The West Marine AIS1000 is a class-B AIS transceiver designed to display data on a compatible chartplotter, dedicated display, or on a PC with compatible software.
The AIS1000 ships with the transponder unit, a GPS antenna, a power and data cable, a BNC to VHF adapter cable, and a user manual. The user manual is thin and contained limited information.
The AIS1000 is housed in a brawny die cast aluminum case measuring 7.6-inches by 5.4-inches by 3.3-inches; it tips the scale at just under 51 ounces. It is designed to mount vertically on a bulkhead or horizontally on a deck. The box must be placed in an enclosed location as it is not rated waterproof. Case seals and rubber bushings surrounding in and outbound wiring and a gasket sealing the case top to the bottom offers some protection against water intrusion.
Four front mounted LED lights let you know that everything is operating correctly. A pushbutton above the lights lets you select silent mode operation. Turning silent mode on activates a status light and stops the AIS transmissions rendering the unit to a receive-only mode of operation.
Regulations mandate that an AIS unit capable of transmitting, meaning any Class A or B unit, must have a properly registered MMSI number installed. To facilitate this West Marine has AIS1000 buyers fill out a form online with required contact, MMSI, and vessel information. They then input this data into your AIS1000 before shipping to you.
Electrical connections to the AIS1000 are made by removing eight screws and lifting the case top. The transponder unit needs to be connected to a 12-volt DC power supply, its GPS sensor, a VHF antenna, and a NMEA0183-HS port on the designated display unit. A display unit could be a compatible chartplotter or a PC. We used a Raymarine A50D display for testing.
Installation is fairly straightforward. You mount the box, connect the power, and hook up the GPS sensor and VHF antenna. Youll also need to make a data cable connection to your display of choice. You should be aware when connecting this or most any other AIS to a chartplotter it will need a high-speed NMEA port to work.
To connect to a PC youd use the provided RS232 (serial port) connector. If you have a newer computer that lacks a built-in serial port youd need to get a serial to USB adapter. Our test display, the Raymarine A50D, has two NMEA0183 ports that can be manually set to 38,400-baud for high-speed AIS communications. In this particular display youll also need to turn on the AIS data layer via a menu selection and configure the data port prior to use.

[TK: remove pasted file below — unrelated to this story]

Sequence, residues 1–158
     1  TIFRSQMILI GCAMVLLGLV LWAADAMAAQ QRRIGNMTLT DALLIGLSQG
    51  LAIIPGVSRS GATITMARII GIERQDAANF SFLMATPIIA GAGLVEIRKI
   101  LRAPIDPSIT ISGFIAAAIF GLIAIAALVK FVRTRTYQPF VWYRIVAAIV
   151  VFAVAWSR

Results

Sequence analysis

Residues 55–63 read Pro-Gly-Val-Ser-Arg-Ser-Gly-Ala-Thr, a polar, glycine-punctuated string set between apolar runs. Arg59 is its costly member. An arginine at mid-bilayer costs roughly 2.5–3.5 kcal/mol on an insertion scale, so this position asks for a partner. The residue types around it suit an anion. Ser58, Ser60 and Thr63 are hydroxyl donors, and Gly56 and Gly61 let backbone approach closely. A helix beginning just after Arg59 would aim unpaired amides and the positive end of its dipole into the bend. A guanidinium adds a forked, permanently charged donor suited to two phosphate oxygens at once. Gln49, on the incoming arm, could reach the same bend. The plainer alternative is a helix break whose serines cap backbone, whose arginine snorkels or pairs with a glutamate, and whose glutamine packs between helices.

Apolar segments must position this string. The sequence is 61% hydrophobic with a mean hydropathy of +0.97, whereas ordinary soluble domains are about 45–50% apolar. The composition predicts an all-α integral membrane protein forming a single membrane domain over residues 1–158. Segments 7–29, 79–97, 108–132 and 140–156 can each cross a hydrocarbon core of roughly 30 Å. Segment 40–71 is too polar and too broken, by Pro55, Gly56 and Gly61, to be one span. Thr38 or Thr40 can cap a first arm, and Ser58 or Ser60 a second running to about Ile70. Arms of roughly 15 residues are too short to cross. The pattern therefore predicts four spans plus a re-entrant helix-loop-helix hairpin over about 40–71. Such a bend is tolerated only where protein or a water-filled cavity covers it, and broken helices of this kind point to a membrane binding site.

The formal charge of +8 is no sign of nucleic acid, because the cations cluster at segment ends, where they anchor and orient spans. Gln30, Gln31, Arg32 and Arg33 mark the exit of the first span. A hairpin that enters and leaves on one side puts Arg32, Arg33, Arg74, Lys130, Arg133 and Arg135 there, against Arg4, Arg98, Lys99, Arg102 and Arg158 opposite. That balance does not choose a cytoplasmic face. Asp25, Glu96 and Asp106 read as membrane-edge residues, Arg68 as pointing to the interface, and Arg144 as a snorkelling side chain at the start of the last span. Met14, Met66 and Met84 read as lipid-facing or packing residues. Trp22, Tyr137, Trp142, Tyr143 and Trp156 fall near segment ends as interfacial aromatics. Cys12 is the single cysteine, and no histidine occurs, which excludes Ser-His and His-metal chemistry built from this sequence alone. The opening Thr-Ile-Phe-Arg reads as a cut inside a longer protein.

To test the West Marine AIS1000 for functionality we mounted it temporarily on our powerboat test bed and used it extensively in our lab. A status icon lets you know its working. Triangular shaped icons are used to display sleeping targets onscreen; these are passing ships that are not a collision threat. We were able to display several ships simultaneously and according to the owners manual the AIS1000 can show up to 100 targets.
Information on a particular ship target can be viewed onscreen by placing the cursor over the target. Doing so will bring up the target vessels course, heading, CPA, and TCPA in a small box onscreen. This data can also be selected to display at all times. A heading vector for each target can be display too. To get the full list of AIS data youd press a soft key.
Alarms and safety zone settings in the AIS1000 provide collision avoidance. You can set a safety zone around your vessel in one of four steps from a distance of a tenth of a mile up to two miles. You can also set the time of closest approach in one of four settings from three to 24 minutes. Should another vessel breach this safety zone an alarm will occur.
We checked the AIS1000 output using the another AIS unit and found it transmitted stored data properly.
The West Marine AIS1000 performed well, however, wed like to see it get a waterproof rating.